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UK rental income into AJBell Sipp while living in USA?

UK rental income into AJBell Sipp while living in USA?

Old Feb 4th 2024, 7:47 am
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Default UK rental income into AJBell Sipp while living in USA?

I'm a dual USA / UK citizen with a flat in the UK that I rent out while living in the USA. I openned an AJ Bell SIPP account before leaving the UK but am currently not contributing to it. I'm thinking about saving my UK rental income and am unsure if I should invest it in AJ Bell's SIPP or if I should transfer to the rental income to the USA and put it into my Schwab 401 and/or general savings.
I would like to understand the gist of the tax rules and implications of saving UK rental income in a UK SIPP with AJ Bell while I'm also a US citizen and resident?
Has anyone done this before? How does the US treat the SIPP and rental income?
Any general advise or suggestions or things I have not considered?
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Old Feb 4th 2024, 3:08 pm
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Default Re: UK rental income into AJBell Sipp while living in USA?

I think the property has to be owned by the SIPP in order to pay rental income into it directly and indefinitely. Otherwise assuming you were a tax resident in the UK before you left, all you can do is contribute a maximum of £3,600 each year for 5 years after you leave the UK, and that would just be you investing cash of any kind which of course could come from your rental property. After that you can no longer contribute. Those are the general government rules, either way you will have to check if AJBell will allow any contributions at all from a US resident, there is a good chance they will not.

Your 401K will only allow contributions from earnings, but you can contribute up to $7,000 annually into an IRA or Roth IRA from any source.

Whatever you do, unless the property is owned by the SIPP you will have to report the income to the IRS and pay tax on it, which as a US citizen you would already be doing.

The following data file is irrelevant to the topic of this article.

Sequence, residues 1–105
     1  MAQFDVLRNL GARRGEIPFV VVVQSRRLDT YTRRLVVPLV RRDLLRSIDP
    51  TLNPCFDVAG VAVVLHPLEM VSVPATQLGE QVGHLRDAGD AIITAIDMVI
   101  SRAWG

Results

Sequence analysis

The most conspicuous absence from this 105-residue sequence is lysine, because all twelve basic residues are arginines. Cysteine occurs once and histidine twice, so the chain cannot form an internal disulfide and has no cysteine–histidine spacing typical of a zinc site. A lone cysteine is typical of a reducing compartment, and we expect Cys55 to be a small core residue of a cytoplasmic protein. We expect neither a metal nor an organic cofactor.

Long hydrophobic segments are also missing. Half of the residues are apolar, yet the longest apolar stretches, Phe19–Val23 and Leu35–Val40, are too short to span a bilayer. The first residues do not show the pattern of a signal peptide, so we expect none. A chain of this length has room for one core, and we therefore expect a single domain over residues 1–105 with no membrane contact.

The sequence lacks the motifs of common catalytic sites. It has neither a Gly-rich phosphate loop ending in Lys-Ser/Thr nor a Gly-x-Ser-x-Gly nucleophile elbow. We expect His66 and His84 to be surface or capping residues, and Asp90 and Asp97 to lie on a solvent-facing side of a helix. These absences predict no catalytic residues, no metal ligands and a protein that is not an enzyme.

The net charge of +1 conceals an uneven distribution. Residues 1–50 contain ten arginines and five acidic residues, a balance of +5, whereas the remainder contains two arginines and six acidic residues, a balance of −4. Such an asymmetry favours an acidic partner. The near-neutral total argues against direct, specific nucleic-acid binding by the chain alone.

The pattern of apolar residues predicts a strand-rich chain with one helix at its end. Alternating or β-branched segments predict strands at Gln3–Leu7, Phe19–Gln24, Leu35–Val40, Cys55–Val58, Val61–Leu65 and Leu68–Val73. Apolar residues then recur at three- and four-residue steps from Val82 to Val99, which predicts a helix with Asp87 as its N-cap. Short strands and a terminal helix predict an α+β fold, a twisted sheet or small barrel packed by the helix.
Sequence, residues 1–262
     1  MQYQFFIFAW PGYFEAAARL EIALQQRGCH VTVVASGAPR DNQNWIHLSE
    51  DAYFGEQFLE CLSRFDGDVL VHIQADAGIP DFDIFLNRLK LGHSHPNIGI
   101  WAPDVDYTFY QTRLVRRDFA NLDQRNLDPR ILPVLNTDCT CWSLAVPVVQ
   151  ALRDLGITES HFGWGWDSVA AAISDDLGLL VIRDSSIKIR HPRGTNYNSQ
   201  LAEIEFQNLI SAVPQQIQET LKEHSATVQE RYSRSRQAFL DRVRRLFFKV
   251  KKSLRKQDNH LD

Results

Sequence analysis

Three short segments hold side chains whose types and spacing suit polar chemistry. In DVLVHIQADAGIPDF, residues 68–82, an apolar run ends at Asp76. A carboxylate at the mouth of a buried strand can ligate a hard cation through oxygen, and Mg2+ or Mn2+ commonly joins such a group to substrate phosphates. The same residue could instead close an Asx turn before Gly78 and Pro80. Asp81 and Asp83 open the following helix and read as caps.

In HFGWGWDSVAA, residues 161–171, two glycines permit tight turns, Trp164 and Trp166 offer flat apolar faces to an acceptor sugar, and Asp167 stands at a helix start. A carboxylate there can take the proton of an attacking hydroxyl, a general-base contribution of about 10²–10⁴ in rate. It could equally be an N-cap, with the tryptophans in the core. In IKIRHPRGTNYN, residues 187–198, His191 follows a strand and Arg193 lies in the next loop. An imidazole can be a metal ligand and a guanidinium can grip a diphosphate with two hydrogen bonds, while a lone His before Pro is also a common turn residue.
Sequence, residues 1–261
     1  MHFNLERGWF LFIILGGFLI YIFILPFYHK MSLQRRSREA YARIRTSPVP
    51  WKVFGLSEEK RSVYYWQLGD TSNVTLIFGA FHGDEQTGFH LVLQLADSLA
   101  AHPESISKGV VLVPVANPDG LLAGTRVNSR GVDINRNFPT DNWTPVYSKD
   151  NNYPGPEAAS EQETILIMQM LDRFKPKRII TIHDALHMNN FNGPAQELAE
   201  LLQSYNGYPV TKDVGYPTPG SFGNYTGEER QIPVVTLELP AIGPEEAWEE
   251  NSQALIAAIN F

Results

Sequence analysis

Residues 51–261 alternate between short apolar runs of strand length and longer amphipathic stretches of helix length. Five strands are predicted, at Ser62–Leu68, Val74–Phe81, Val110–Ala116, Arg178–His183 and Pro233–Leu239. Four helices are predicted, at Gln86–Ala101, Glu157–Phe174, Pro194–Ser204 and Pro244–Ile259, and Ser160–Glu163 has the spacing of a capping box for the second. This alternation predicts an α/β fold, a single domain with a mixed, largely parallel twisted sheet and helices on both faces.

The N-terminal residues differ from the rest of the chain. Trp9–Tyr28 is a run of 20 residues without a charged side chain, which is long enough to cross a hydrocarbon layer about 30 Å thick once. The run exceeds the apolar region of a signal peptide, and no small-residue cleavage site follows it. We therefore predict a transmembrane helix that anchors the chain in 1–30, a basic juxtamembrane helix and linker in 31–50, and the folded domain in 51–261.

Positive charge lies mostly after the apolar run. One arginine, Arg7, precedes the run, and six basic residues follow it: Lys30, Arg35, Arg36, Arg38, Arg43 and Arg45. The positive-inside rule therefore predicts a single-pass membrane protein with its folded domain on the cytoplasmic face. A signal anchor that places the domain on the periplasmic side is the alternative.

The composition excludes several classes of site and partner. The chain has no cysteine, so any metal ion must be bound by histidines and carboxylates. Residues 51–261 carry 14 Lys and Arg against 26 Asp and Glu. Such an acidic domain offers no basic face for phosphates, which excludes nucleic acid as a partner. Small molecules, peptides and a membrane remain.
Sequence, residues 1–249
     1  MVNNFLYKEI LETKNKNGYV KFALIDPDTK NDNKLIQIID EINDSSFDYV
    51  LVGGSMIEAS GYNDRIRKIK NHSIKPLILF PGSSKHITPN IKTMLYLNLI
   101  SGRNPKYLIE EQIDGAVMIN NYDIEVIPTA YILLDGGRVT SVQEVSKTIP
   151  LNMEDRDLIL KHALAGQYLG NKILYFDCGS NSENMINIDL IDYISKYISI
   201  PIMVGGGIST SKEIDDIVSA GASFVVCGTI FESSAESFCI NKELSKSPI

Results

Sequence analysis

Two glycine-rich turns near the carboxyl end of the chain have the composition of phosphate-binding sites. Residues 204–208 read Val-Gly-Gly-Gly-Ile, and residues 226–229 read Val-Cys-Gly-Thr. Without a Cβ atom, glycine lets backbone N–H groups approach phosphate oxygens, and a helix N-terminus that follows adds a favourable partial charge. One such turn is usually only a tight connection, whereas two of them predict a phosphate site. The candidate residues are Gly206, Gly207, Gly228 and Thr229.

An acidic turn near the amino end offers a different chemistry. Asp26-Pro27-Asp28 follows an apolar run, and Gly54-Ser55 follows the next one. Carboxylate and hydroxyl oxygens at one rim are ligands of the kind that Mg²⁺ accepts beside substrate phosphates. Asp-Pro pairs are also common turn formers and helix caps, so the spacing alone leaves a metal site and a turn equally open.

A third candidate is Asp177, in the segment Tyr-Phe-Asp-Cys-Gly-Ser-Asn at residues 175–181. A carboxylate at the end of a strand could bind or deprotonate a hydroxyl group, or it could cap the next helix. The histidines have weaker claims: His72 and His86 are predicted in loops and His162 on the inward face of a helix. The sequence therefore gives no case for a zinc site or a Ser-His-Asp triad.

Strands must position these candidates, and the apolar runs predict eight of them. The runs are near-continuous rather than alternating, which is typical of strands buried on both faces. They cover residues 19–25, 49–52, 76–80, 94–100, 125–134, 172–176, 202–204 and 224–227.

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Old Feb 4th 2024, 4:48 pm
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Default Re: UK rental income into AJBell Sipp while living in USA?

Originally Posted by Glasgow Girl
I think the property has to be owned by the SIPP in order to pay rental income into it directly and indefinitely. Otherwise assuming you were a tax resident in the UK before you left, all you can do is contribute a maximum of £3,600 each year for 5 years after you leave the UK, and that would just be you investing cash of any kind which of course could come from your rental property. After that you can no longer contribute. Those are the general government rules, either way you will have to check if AJBell will allow any contributions at all from a US resident, there is a good chance they will not.

Your 401K will only allow contributions from earnings, but you can contribute up to $7,000 annually into an IRA or Roth IRA from any source.

Whatever you do, unless the property is owned by the SIPP you will have to report the income to the IRS and pay tax on it, which as a US citizen you would already be doing.
Thanks for the info.
> Whatever you do, unless the property is owned by the SIPP you will have to report the income to the IRS and pay tax on it, which as a US citizen you would already be doing.

Sounds like there's no real benefit in doing this then and I should just save the rental income in regular US savings
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Old Feb 4th 2024, 6:03 pm
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Default Re: UK rental income into AJBell Sipp while living in USA?

There is a tax benefit to saving in an IRA or Roth IRA, but no way to protect your rental income from tax. However, there may not be a whole lot of tax to pay after you claim all expenses and depreciation. Watch out for Capital Gains Taxes though which can be avoided if the property was your principal residence for two out of the previous five years as of the date of sale. And also be aware of the tax payable on foreign currency gains associated with paying off a mortgage. This thread expands further on that. Selling UK House - Tax implications
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Old Feb 6th 2024, 10:20 am
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Default Re: UK rental income into AJBell Sipp while living in USA?

[QUOTE=Glasgow Girl;13238866]There is a tax benefit to saving in an IRA or Roth IRA, but no way to protect your rental income from tax. However, there may not be a whole lot of tax to pay after you claim all expenses and depreciation. Watch out for Capital Gains Taxes though which can be avoided if the property was your principal residence for two out of the previous five years as of the date of sale. And also be aware of the tax payable on foreign currency gains associated with paying off a mortgage. This thread expands further on that.
Thanks again for the info here, very helpful!
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